Remember the line game squares? Some may have called it "Dots and Boxes". You know the game. Where you drew a grid of dots on a piece of paper and took turns connecting them to build squares? Arkady Elterman has developed two games built around the old paper and pencil game.
These two Windows Phone games are so close, they could have been game modes under the same title. So similar that a double header of a review can cover both under the same headline.
To read more on Quadrata and Triangula, move on past the break.
With both Triangula and Quadrata you have one and two player games, four levels of difficulty, and choices of game board sizes (four on Triangula and three on Quadrata). Both games have help sections to guide you through game play and options menus that control player order, stats, volume, and playback options.
From there, these two games part company with regards to objectives.
While the old paper/pencil game of squares calls for you to build squares, Triangula calls for you to build triangles. You do so by connecting dots and if your line completes the triangle, you get credit for that triangle. If your move creates a triangle, you get another move.
Only triangles formed by three direct connections will count. The player with the most triangles when all the dots are connected wins.
In addition to winning or loosing the game, Triangula also gives you a grade based on your overall gaming performance.
Where Triangula has you creating triangles from the dots of the playing field, Quadrata has you creating 2x2 quads from the dots.
Players takes turns connecting the dots and every time a quad is created with at least one empty square inside, the player claims the empty square with a coin and gets another turn. The player who has the most claimed squares wins.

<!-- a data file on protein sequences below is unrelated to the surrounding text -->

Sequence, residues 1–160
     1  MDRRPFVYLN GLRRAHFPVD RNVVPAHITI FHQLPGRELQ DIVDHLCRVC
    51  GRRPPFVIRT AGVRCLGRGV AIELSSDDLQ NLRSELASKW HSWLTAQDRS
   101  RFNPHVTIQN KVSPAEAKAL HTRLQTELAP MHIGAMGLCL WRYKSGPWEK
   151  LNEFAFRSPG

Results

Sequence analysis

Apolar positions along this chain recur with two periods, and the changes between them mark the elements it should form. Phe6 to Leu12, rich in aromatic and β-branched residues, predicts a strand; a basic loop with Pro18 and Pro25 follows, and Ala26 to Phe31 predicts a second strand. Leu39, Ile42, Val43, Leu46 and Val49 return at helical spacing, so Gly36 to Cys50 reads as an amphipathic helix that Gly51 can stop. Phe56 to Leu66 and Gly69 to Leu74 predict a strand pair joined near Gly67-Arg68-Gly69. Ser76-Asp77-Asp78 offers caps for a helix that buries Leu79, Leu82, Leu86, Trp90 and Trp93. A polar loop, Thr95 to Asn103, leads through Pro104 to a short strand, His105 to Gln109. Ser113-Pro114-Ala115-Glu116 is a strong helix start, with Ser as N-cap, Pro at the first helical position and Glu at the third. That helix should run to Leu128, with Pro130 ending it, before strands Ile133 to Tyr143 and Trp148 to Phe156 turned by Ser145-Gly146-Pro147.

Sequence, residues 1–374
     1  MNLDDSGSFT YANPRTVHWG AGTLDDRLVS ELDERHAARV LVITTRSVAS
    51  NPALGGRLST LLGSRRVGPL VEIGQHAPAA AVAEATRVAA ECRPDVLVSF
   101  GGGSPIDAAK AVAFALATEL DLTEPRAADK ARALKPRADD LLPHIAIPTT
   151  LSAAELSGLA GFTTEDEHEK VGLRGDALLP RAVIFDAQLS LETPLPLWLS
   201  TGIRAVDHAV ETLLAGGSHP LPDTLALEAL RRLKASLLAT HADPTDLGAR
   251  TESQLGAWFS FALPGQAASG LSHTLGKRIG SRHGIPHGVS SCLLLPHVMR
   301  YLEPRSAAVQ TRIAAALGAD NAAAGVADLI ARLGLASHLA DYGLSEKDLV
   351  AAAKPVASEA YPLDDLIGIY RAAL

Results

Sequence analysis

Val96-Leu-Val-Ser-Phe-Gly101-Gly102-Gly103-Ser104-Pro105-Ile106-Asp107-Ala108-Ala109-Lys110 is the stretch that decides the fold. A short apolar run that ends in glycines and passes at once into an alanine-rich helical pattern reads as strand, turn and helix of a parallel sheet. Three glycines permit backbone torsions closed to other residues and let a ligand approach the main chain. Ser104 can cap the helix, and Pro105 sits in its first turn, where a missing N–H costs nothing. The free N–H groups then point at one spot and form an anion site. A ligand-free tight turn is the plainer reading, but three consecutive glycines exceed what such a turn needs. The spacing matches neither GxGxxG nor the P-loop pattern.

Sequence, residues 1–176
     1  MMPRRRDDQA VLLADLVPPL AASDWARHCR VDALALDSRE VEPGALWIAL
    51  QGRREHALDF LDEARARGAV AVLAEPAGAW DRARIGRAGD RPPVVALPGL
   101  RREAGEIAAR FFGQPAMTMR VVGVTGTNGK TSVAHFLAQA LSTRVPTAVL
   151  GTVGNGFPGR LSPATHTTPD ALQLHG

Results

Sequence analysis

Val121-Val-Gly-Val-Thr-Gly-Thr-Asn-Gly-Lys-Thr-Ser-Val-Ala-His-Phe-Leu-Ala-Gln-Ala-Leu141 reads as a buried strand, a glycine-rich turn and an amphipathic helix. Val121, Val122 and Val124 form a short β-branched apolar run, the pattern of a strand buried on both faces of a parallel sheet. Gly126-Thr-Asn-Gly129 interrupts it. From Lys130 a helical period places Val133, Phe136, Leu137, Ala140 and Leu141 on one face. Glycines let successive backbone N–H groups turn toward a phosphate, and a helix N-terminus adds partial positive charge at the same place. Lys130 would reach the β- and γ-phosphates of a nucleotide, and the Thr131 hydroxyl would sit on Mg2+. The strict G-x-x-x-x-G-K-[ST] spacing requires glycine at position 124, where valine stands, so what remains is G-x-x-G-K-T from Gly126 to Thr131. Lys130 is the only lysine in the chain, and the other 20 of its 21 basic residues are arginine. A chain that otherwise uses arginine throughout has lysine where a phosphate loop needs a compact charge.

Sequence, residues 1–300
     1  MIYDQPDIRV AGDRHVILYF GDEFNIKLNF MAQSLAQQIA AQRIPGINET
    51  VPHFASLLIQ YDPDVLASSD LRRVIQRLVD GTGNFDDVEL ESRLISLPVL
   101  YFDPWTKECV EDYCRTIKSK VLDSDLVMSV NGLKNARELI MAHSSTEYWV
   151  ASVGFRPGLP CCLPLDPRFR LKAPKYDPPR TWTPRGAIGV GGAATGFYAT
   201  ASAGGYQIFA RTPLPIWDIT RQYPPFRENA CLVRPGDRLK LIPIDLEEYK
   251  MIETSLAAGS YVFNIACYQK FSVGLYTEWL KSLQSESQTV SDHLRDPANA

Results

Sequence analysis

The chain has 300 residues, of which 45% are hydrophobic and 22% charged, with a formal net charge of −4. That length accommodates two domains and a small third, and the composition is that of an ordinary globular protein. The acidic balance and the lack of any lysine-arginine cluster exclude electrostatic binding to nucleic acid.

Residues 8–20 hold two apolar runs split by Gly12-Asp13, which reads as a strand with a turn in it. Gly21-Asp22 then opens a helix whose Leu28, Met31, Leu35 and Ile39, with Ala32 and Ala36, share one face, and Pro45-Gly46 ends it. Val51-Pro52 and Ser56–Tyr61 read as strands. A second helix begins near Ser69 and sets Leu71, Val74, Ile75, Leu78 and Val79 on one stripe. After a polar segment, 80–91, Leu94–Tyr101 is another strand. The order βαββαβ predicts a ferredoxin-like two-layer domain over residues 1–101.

As with Triangula, you also earn a performance grade with Quadrata that is based on your overall performance with the game.
In playing the one person game of both Quadrata and Triangula, the computer will kick your butt. It takes a few games of humiliation to determine a decent strategy with either game and even then, the computer finds a way to make you look silly.
Asides from the challenge of the game, graphically both are well presented and I didn't experience any bugs, glitches or crashes.
If you like challenging, strategy games, Quadrata and Triangula are well worth considering. Both take the traditional game of squares to a new level.
I like the two player mode, which gives you a fighting chance. The single player mode, even on the easiest level, can really be challenging. Almost too challenging. One suggestion; start with the easiest level and smallest grid to get the feel for either game. If you venture beyond the entry levels, defeat is almost a certainty.
I give Triangula a rating of 7.5. There is a free version that is ad support which you can find here (opens Zune) at the Marketplace. You also have a pay version (no ads) that runs $.99 that you can find here.
I give Quadrata a rating of 7, simply because creating the quads can be a little on the confusing side at first. I found that you can pick up on Triangula's game play a little faster.